Though the notion that rock & roll is a boy's club has been challenged for some time now, it still lingers, culturally and structurally. But this week's parade is why that will change soon and forever.
Bully is a Nashville band centered around powerhouse frontwoman Alicia Bognanno. They made a conspicuous number of respectable 2015 year-end lists, and it's pretty plain to see why. Of the entire (and rather sizable) new generation of '90s indie-rock revivalism, their well-built and accurate blend of heart, melody and scruff is among the crop's cream, up there with acts like Swearin' and Waxahatchee. And in terms of punch, Bully rocks harder than almost all their contemporaries, a claim that was certified at their sterling Orlando debut (Jan. 29, the Social).
Nearly equal to the amount of love they've received, however, are charges of being slavish. It's a fair point in their case. But as literal as they are in their time-warping references, what can't be discounted is the sturdy, precise songwriting. When you have that like they do, style is almost secondary.
Even on that count, they've got their angle tightly calibrated with a very effective sound that straddles dirt, heft and melody like a grunge-cranked Breeders. The music's a lean but muscular ride with fat, electric guitars pushed up to match Bognanno's turbo wildcat rasp. For the record, she's also proven to be an intuitive and astute producer. It's a sure-shot combo that grabs hearts and, as this crowd proved, moves bodies.
Bully's new and young, but they are for real. Astonishingly together and self-possessed, little about them suggests greenness. And, damn, they're just beginning.
Opening was Boston's Palehound, a vehicle for songwriter Ellen Kempner that's a little further out on the indie-rock fringe with a sound generous in jags and knots. While Bully leans in and goes all out in a straight, powerful line, Palehound zigs and zags, ambling one moment then darting the next. While melodic overall, the music also has the excitement of unpredictability. What's not oblique about them, though, is how good of a lead Kempner is as both a guitarist and vocalist.
The steady climb that New York's Big Eyes (Jan. 30, St. Matthew's) has been on in recent years has been notable enough to draw regular notice beyond the young punk circuit, and it's all on the wings of Kait Eldridge's fundamental aesthetic. By keeping the scope simple, she and her band leave no room for excess in their power-popping rock & roll. She only focuses on what matters most to her and nailing it. Sonically, that's classic '70s rock and punk with brawny hooks. Emotionally, it's big, guileless heart worn on a sleeve of denim and leather. The gestalt is a model of economy, scrap and spark that's made them one of the more exceptional rock bands in the punk underground right now.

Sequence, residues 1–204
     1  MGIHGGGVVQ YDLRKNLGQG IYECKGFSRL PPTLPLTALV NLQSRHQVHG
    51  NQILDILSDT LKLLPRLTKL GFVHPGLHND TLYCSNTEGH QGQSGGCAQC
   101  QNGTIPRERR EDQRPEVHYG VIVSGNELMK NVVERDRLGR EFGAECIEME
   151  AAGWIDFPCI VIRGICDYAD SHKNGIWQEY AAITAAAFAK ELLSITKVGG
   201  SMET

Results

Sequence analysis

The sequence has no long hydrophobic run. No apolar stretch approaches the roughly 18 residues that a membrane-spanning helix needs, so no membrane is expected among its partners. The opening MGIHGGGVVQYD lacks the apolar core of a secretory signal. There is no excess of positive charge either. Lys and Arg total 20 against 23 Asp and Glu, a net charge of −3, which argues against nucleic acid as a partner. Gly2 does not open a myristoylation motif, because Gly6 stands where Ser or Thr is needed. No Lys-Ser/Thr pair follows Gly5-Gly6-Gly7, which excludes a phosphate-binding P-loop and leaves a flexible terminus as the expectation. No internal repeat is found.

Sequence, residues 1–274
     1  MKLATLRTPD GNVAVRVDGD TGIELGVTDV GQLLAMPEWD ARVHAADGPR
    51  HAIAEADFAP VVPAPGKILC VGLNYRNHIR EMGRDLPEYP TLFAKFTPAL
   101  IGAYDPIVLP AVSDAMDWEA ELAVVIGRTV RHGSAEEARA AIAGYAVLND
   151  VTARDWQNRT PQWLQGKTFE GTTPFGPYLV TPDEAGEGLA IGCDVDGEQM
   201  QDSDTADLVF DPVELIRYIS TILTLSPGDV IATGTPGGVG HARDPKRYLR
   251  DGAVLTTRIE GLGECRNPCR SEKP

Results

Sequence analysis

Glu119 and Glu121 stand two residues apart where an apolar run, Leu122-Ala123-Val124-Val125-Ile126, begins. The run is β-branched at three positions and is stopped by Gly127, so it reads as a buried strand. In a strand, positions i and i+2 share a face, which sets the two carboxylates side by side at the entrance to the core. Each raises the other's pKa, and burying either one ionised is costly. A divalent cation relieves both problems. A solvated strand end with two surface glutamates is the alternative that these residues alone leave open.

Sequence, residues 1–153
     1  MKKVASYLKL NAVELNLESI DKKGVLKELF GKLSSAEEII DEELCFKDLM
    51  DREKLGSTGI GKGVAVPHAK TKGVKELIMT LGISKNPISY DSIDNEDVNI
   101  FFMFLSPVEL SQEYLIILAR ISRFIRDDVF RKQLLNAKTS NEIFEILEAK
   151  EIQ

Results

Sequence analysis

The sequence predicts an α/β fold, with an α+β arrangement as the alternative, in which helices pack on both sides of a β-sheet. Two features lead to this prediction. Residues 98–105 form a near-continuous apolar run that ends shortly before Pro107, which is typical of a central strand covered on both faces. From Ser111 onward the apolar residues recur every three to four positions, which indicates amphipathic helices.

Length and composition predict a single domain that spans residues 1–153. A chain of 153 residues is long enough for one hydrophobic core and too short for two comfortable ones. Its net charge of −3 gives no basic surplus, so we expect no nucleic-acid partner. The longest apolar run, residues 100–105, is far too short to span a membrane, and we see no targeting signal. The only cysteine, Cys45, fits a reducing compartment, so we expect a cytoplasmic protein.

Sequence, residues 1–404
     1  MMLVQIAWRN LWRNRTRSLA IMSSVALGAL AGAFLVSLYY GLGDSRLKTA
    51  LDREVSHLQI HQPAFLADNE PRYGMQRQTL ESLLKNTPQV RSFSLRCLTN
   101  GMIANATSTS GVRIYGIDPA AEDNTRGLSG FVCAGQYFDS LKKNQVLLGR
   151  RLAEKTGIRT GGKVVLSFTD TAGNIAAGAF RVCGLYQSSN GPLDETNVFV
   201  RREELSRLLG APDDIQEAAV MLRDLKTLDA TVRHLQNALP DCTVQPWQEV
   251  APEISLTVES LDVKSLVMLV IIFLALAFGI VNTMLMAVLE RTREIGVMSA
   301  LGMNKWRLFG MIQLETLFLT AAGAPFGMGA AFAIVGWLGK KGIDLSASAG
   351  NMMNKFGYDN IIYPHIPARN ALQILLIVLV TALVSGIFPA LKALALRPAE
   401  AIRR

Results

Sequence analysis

Though the going was pretty rough for them at first, there is definitely something there in St. Pete band Empty Walls. Self-described as "crustpop" – a term I wish I coined myself because it nutshells them perfectly – they take a '90s Chapel Hill brand of noisy melody and blast it to exhilarating punk levels and pump it with politics. With a little time and practice, this group could be a force of sonics and message.
Later up the street, Chicago's Adam Lee was performing (Lil Indies). The deal on him is that he played Johnny Cash in the Chicago production of Million Dollar Quartet, the Tony Award-winning Broadway musical about the famous 1956 powerhouse recording session between Cash, Elvis Presley, Carl Perkins and Jerry Lee Lewis. Considering that credit, his showmanship was unsurprisingly abundant and up front even in a solo acoustic setting.
But as tempting as that big hook is, it's a bit of a red herring. Lee's music isn't just straight-up classic Cash country. Instead, his sound covers a spectrum of the American roots. And while anyone's live presence would be dwarfed by the shadow of the Man in Black, Lee's performance flair is almost as tall as his boss pompadour.
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